BOSS case study: Dr. Jen de Beyer
The following is a blog post written by BOSS Praxis Student, Dr. Jen de Beyer.
Jen helps health researchers realise the full potential of their work through clear, complete writing that targets the right audience. She provides writing and editing support, develops resources on how to write fantastic health research articles, and teaches writing and publication skills at the EQUATOR Network's UK Centre in Oxford.
“I’m not really an artistic person”
That statement has been a big part of my identity. I’m the word person – give me some copy to knock out or a swamp of words to edit into a pretty article, and I’m your girl. But creating an actual thing? There’s a reason my need to make has been dominated by baking by the (recipe) book, counted cross stitch, never deviating from the pattern or making up my own, and papercraft, using stamps and die cuts and again following a pattern.
But I had a problem in my professional life. I teach academic writing and publication skills. We’re talking about words, so the slides are just… words.
Participants laughed, shared their experiences, and asked insightful questions in these sessions, while we all pretty much ignored my slides.
Those walls of text summarising the key points did not match the anecdotes, jokes, and engagement. At. All. And fixing them bumped straight into the whole not-artistic thing.
Then I found BOSS.
What Echo was offering sounded like a recipe, a pattern! I know how to follow those! You don’t have to be arty for that, right? I was in. Nervous, but in.
Turns out I’d been telling myself giant porky-pies all this time. When you teach, you try out different ways of explaining a concept, using examples and analogies that might resonate with each participant. The BOSS program started off by talking about not just chucking a load of facts at people, but instead picking a handful of key points and supporting them with, yep, examples and analogies.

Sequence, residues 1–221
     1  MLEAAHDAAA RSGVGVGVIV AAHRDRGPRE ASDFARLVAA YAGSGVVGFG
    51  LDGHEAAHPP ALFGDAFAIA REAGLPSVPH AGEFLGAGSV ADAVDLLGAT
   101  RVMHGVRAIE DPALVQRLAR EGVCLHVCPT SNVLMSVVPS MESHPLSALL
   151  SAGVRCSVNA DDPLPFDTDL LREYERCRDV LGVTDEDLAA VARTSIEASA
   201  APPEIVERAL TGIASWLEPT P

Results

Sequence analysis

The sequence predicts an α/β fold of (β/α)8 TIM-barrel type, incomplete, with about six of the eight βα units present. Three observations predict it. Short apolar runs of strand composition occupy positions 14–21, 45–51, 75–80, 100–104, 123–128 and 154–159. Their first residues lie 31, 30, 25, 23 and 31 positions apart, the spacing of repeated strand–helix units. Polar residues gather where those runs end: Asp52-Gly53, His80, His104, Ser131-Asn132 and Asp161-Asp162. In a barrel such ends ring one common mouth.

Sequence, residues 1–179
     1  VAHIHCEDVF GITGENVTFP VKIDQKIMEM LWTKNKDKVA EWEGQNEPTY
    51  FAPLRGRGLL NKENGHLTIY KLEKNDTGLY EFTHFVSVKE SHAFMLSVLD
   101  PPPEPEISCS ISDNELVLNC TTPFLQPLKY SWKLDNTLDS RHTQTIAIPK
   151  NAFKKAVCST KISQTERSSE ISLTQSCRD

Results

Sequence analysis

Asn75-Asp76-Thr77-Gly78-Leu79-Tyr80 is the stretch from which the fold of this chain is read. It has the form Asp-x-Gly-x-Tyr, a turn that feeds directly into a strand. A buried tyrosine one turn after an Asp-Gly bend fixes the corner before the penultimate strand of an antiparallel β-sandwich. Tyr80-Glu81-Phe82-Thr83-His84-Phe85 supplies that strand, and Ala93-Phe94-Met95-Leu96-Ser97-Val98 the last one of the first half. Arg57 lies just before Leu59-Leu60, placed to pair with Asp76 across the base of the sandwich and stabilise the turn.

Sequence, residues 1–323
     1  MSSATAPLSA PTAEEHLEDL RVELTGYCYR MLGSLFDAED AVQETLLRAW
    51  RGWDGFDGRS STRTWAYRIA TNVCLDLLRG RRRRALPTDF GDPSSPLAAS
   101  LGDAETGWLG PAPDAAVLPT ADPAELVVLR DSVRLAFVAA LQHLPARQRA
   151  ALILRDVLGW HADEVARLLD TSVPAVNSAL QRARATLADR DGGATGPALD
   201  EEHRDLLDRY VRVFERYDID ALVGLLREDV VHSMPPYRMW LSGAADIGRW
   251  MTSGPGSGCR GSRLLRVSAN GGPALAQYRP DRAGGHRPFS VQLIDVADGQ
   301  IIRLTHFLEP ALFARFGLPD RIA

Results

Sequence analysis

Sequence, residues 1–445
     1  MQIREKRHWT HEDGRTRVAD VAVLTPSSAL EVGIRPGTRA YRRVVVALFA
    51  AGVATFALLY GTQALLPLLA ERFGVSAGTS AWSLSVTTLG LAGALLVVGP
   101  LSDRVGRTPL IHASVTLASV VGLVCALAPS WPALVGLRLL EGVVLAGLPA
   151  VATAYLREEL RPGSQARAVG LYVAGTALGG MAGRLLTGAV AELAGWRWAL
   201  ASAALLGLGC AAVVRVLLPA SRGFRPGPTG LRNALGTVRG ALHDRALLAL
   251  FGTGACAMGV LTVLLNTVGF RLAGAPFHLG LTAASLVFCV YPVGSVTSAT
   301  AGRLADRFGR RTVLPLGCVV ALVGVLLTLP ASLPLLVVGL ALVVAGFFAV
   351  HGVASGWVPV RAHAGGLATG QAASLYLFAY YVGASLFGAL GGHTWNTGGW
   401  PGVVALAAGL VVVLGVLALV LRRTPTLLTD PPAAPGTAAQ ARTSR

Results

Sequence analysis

And then the breakthrough...
All of those word pictures I’d been painting as I spoke, they really are pictures.
BOSS gave me permission to have my slides match my personal presenting style.
The tone of voice and expression I was using could be reflected in each slide. And that felt…creative, artistic!
Inevitably, you reach a point where you can’t find a stock photo to match the picture you’re building up in your head, whether it’s a word picture or an actual one. Actually creating my own image felt like a terrifying leap forward, but BOSS gave me the baby steps I needed.
I didn’t even realise that that’s what I was doing when I started building icon pictures. BOSS had introduced icons, I was using them as signposts a lot, now I was just using them to signpost different steps in a process…and bam, a picture!
It took 6 months before I got up the courage to try building my own icon-style pictures using Powerpoint shapes.
I was seriously nervous about having my scrappy little drawings up there. But the feedback was so positive, those scrappy people have popped up again and again!
Confused Research Human needs help figuring out when their colleagues should be offered authorship or an acknowledgement on their paper...No ghosts allowed
Teaching from BOSSified slides hasn’t just been more fun for me.
For the first time, my teaching evaluations explicitly mention the slides and handouts – and the feedback has been overwhelmingly positive.
We spend so much time preparing our materials. It’s fantastic to know that that time is now well-spent and appreciated!
My favourite part of the BOSS [Praxis Package] program is that it doesn’t end when you get to the end of the videos. A year after starting BOSS, with a whole lot of gentle encouragement from Echo in the live coaching chats and online community, I’m taking that next step to actually doodling my own pictures. They haven’t quite made it into a real slide yet, but spending time drawing is helping build that confidence.